Childhood and Youth Studies (January Start)
Foundation Degree (FdA)
Get the skills, knowledge and qualification you need to work at a senior level in the Education sector, with children from 0-19, with this Foundation Degree in Childhood and Youth Studies. Designed for both students and staff, it will help you follow a rewarding career path in a variety of sectors, including early years, private or voluntary, within the youth and community sector, or in pupil referral units.
Throughout the course, you’ll review a wide range of contemporary subject areas and participate in the planning of a curriculum for children of all ages, developing your professional and academic skills and your knowledge base across the board.
Focusing on your specialist subject area and building on your work-related learning, you’ll contextualise theory and link this to practice, on the ideal route to being a fully qualified level 5 practitioner within the educational sector.
- Openshaw Campus
- Full Time
- January 2020
All staff have or are working towards higher level Master’s and Doctorate qualifications in Education. They all maintain strong links with Sheffield Hallam University and regularly update their knowledge and skills with the university and within the industry of education.
Non-academic entry Requirements
Mature applicants (aged 21 or over) who are able to demonstrate relevant skills or knowledge gained in employment or vocational activity will be considered and may be invited to interview.
What will I be studying?
Year 1: Children and Young peoples Development (20 credits)
Develop your understanding of child development from birth to eighteen, looking at theoretical development and its link to children.
Year 1: Creating Inclusive Environments (20 credits)
Discover how to create an inclusive environment for all children and youths, looking at how diversity can mean individual children will need support.
Year 1: Longitudinal study (20 credits)
Observe a child over an eight-month period to assess their needs and development, considering the holistic development of him/her and relating it to the developmental norms of child development.
Year 1: Professional Academic Development (20 credits)
Identify your own personal learning aims, develop your academic writing skills, engage in personal and professional planning and advance your practice through coursework, a literature review and presentation.
Year 1: Safeguarding Children and Young People (20 credits)
Examine the safeguarding cases of children and young people and look at the legislative guidelines for working with Children and Youth.
Year 1: The Importance of play (20 credits)
Explore the history and theoretical perspectives of play, then design and implement an activity that will link to theory and help towards meeting the individual needs of children.
Arnold, C (2003) Observing Harry: Child Development and Learning, 0-5
Batsleer, J. R (2008) Informal Learning in Youth Work
Becker, L (2009) The Mature Student’s Handbook
Bee, H. L. and Boyd, D. G. (2011) The Developing Child
Cheminais, R (2009) Effective Multi-Agency Partnerships: Putting Every Child Matters into Practice
Cottrell,S. (2008) The Study Skills Handbook
Doherty, J and Hughes, M (2013) Child Development: Theory and Practice 0-11
Drake, J (2013) Planning for Children’s Play and Learning: Meeting Children's Needs in the Later Stages of the EYFS
Else, P (2009) The Value of Play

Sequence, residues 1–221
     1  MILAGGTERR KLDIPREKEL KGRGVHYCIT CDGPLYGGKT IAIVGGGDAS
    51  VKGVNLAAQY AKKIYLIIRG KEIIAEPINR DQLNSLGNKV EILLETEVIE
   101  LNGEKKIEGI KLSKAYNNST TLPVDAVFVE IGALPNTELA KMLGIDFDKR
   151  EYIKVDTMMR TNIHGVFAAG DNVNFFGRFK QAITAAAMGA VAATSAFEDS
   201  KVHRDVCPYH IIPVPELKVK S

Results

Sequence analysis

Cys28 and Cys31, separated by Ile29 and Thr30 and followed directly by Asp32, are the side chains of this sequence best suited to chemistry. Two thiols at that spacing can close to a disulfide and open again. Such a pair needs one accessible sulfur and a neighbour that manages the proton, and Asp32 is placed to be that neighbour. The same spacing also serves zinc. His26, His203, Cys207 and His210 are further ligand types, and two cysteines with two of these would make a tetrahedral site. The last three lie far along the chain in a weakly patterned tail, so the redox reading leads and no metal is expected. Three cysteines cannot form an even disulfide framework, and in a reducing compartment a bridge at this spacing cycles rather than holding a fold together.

Evans, S and Crowley, K (2016) An Introduction to Child Development
Florian, L, Rouse, M and Black-Hawkins, K (2016) Achievement and Inclusion in Schools
Goddard, G and Walton, A (2012) Supporting Every Child: A Course Book for Foundation Degrees in Teaching and Supporting Learning
Harris, A (2012) Young People and Everyday Multiculturalism
Hughes, B (2011) Evolutionary Playwork: Reflective Analytic Practice
James, A. L. (2012) Key Concepts in Childhood Studies
Lindon, J and Press, (2007) Understanding Children and Young People: Development from 5-18 years
Littlejohn, K and Oates, J (2005) Children’s Personal and Social Development (Child Development)
Lloyd, M. and Murphy, P. (2008) Essential Study Skills for Health and Social care
Loreman, T, Deppeler, J and Harvey, D. D. (2010) Inclusive Education: A Practical Guide to Supporting Diversity in the Classroom
Maslin-Prothero, S. (2005) Bailliere’s Study Skills for Nurses and Midwives
Papatheodorou, T, et al. (2011) Child Observation for Learning and Research
Podmore, V. N and Luff, P (2012) Observation: Origins and Approaches in Early Childhood
How will I be assessed?
Examples of assessments on the course include:
• Personal skills presentation
• Written assignments including essays, reports and reflective journals
• Academic poster
• Personalised portfolio identifying skills development and areas to improve
• Self and peer assessment
What are the careers that this will lead to?
• Educational welfares officers
• Young offenders unit
• Family liaison
• Children's centres
You may also wish to progress into a more senior role within an education setting, become an HLTA within the education sector, or even work in secondary schools, primary schools, or Pupil Referral units.
Fees, Finance and Funding
Your tuition fees for each year of your course.
Help with your living costs e.g. rent, food, clothing, course materials, entertainment.
You can find more details, including the actual tuition fee charged on our Fees, Funding and Finance Page.
Course Associated Costs
When undertaking work experience (which may be paid or unpaid) you may also need to factor in travel costs to your place of work
You will be required to have an enhanced DBS check for this course to ensure you meet both our and industry safeguarding requirements. Please note there will be an additional cost to your course fees to cover Disclosure and Baring Service (DBS) checks. Please see the GOV.UK website for DBS costs.